Something wonderful appeared in the skies over that winter Theo. It was a comet called Hale-Bopp. At first it just looked like a large star but then it slowly developed a tail that blazed out behind it. We were lucky living where we did. There wasn’t a street lamp for miles around so the sky was as black as Indian ink. The comet was easy to spot on cloudless evenings. Sometimes you’d wake me in the night with your strong kicks or when you rolled over inside my belly. I’d creep out of bed so as not to disturb your father and go downstairs; put a coat on over my nightdress and go out into the yard. There I would stand, gazing up at this extraordinary sight until I could bear the cold no longer.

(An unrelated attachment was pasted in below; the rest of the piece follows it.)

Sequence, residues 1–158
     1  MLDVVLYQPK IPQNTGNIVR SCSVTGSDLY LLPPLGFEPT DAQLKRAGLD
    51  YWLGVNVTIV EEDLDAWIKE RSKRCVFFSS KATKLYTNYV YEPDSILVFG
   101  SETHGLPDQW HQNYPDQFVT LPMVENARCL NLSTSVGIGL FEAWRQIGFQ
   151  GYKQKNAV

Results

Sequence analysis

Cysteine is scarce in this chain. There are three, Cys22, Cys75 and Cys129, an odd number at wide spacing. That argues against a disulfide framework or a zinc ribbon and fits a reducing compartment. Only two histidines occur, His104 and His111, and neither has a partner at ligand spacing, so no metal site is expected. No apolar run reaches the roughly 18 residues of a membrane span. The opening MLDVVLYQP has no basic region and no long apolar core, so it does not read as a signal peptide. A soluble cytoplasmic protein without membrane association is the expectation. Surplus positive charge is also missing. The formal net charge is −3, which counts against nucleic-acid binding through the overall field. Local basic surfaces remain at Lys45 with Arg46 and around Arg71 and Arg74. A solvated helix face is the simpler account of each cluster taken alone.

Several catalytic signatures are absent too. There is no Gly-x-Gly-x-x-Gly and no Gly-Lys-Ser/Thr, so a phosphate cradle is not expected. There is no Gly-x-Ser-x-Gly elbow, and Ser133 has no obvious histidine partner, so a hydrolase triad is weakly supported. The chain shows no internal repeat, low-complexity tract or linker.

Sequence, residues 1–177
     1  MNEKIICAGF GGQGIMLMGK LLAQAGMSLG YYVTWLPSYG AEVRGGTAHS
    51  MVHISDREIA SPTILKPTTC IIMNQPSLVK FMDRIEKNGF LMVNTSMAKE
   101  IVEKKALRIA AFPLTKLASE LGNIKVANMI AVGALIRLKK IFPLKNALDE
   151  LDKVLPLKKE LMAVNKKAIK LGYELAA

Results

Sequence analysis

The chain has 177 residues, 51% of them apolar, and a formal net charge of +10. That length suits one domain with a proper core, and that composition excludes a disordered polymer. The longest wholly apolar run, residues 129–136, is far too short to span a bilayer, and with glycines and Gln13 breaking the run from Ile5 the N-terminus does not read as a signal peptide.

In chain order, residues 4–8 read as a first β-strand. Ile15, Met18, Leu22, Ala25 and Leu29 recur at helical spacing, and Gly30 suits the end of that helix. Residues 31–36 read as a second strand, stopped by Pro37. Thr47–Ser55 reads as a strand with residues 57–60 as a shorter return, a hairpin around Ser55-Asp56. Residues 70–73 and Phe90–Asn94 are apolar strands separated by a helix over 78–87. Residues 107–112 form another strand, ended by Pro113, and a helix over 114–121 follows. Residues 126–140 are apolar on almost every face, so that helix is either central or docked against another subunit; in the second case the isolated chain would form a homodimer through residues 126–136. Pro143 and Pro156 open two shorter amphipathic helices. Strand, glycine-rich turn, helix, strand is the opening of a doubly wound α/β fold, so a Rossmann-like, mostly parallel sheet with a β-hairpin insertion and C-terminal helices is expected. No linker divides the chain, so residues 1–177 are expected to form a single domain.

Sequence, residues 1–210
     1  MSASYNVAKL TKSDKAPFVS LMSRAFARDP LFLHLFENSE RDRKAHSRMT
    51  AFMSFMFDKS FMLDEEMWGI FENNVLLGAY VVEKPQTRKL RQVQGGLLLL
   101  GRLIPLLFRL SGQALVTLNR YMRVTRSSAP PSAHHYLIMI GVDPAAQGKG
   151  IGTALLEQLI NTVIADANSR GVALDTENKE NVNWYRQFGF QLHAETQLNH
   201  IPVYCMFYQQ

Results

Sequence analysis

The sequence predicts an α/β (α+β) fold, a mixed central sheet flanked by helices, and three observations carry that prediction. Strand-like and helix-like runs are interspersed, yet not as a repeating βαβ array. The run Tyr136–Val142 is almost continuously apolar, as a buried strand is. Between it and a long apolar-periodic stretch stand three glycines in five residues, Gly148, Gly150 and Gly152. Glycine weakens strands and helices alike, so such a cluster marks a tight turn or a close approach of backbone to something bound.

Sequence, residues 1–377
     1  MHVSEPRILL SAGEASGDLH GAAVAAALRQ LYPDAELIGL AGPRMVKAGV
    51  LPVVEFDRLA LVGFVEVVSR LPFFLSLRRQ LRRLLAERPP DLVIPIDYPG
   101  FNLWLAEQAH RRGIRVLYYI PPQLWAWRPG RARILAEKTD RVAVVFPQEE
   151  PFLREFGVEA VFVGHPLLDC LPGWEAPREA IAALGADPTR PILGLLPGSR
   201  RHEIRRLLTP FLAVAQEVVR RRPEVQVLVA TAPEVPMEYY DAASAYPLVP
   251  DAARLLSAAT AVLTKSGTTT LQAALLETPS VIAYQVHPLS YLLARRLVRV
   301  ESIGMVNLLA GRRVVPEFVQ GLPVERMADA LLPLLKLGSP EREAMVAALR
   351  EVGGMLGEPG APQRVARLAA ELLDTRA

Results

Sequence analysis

By the end of February the geese and chickens had started to lay again. The geese laid their eggs in the stupidest places. Only one out of the 8 geese managed to hatch her eggs and only 4 of the goslings survived. You were terrified of the geese when you were a toddler. They used to chase you around the yard, hissing and spitting at you.